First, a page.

Date: December 2015
Creator: Laguduva Rajaram, Madhupreetha

Dynamic Behaviors of Historical Wrought Iron Truss Bridges – a Field Testing Case Study

Description: Civil infrastructure throughout the world serves as main arteries for commerce and transportation, commonly forming the backbone of many societies. Bridges have been and remain a crucial part of the success of these civil networks. However, the crucial elements have been built over centuries and have been subject to generations of use. Many current bridges have outlived their intended service life or have been retrofitted to carry additional loads over their original design. A large number of these historic bridges are still in everyday use and their condition needs to be monitored for public safety. Transportation infrastructure authorities have implemented various inspection and management programs throughout the world, mainly visual inspections. However, careful visual inspections can provide valuable information but it has limitations in that it provides no actual stress-strain information to determine structural soundness. Structural Health Monitoring (SHM) has been a growing area of research as officials need to asses and triage the aging infrastructure with methods that provide measurable response information to determine the health of the structure. A rapid improvement in technology has allowed researchers to start using new sensors and algorithms to understand the structural parameters of tested structures due to known and unknown loading scenarios. One of the most promising methods involves the use of wireless sensor nodes to measure structural responses to loads in real time. The structural responses can be processed to help understand the modal parameters, determine the health of the structure, and potentially identify damage. For example, modal parameters of structures are typically used when designing the lateral system of a structure. A better understanding of these parameters can lead to better and more efficient designs. Usually engineers rely on a finite element analysis to identify these parameters. By observing the actual parameters displayed during field testing, the theoretical FE models ...
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Date: December 2015
Creator: Hedric, Andrew C.

Guidelines for Greening (Renovation) of Existing Homes

Description: This Thesis is aimed at evaluating the options of renovation for an existing residential building to make it more energy efficient. The various aspects in the basic structures of residential homes are discussed in order to help the user identify the areas of the house for which renovation is required to improve the energy efficiency of the building. These aspects include doors, roof and wall in addition to various systems of electrical wiring, mechanical systems of ventilation, heating and cooling and plumbing systems for the efficient flow of water throughout the house. The renovation options have been described in detail to provide as many possibilities to the user as possible. The building taken for renovation is a 1953 suburban home which has been awarded the honor of being the first building to be labeled as Zero Energy Home in its vicinity. This has made the home so efficient that its expenditure of energy has become equivalent to its energy generation, therefore, cancelling each other out and creating an estimate of zero energy.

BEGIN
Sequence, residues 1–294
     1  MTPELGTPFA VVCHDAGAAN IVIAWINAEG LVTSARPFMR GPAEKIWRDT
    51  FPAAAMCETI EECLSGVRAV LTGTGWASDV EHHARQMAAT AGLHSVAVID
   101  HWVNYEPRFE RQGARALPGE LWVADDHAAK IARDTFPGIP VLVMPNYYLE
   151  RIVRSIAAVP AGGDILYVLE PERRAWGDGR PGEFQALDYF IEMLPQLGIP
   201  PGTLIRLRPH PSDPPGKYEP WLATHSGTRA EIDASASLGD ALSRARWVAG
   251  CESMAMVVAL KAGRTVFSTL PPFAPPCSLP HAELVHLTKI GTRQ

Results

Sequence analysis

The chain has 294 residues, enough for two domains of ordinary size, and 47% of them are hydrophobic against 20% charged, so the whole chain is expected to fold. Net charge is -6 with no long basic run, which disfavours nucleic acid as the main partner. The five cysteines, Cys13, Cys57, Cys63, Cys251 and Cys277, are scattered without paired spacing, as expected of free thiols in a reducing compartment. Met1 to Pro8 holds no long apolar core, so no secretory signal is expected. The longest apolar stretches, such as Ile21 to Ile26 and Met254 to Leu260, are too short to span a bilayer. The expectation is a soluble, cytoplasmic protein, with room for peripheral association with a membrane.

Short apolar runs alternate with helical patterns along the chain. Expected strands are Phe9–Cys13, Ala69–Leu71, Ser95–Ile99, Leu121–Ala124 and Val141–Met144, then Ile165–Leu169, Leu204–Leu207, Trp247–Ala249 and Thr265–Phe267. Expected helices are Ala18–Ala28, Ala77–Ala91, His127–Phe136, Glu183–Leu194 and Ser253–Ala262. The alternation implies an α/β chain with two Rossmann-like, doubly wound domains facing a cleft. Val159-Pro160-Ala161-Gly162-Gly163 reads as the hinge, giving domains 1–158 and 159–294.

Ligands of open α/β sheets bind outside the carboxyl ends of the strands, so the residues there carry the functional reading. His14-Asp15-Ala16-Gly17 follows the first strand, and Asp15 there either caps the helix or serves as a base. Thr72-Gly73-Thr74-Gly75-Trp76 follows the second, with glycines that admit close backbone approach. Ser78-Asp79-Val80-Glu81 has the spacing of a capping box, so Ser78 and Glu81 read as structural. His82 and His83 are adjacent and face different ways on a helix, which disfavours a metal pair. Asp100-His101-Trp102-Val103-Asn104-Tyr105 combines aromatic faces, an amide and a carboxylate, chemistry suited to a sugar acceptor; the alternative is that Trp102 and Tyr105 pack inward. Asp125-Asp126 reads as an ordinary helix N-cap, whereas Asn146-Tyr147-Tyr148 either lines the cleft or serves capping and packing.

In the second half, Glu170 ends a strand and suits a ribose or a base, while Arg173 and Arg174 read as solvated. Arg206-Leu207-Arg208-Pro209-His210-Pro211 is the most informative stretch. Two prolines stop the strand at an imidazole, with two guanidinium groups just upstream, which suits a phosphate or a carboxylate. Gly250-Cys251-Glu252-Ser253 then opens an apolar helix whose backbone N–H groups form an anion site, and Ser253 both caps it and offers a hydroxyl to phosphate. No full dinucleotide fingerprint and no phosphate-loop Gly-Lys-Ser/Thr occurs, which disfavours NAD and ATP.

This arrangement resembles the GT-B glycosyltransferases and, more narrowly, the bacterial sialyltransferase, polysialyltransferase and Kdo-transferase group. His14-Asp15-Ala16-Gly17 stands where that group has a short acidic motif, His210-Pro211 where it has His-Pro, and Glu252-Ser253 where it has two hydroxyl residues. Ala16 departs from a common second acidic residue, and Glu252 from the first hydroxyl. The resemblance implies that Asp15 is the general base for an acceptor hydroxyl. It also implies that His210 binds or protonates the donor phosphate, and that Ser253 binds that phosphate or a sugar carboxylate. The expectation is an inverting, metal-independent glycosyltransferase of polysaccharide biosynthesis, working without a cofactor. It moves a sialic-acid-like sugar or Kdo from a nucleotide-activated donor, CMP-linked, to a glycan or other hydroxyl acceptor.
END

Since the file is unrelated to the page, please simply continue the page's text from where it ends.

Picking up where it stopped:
Date: December 2015
Creator: Shaikh, Gilman Yusuf

Impact of Green Design and Technology on Building Environment

Description: Currently, the public has a strong sense of the need for environment protection and the use of sustainable, or “green,” design in buildings and other civil structures. Since green design elements and technologies are different from traditional design, they probably have impacts on the building environment, such as vibration, lighting, noise, temperature, relative humidity, and overall comfort. Determining these impacts of green design on building environments is the primary objective of this study. The Zero Energy Research (ZOE) laboratory, located at the University of North Texas Discovery Park, is analyzed as a case study. Because the ZOE lab is a building that combines various green design elements and energy efficient technologies, such as solar panels, a geothermal heating system, and wind turbines, it provides an ideal case to study. Through field measurements and a questionnaire survey of regular occupants of the ZOE lab, this thesis analyzed and reported: 1) whether green design elements changed the building’s ability to meet common building environmental standards, 2) whether green design elements assisted in Leadership in Energy and Environmental Design (LEED) scoring, and 3) whether green design elements decreased the subjective comfort level of the occupants.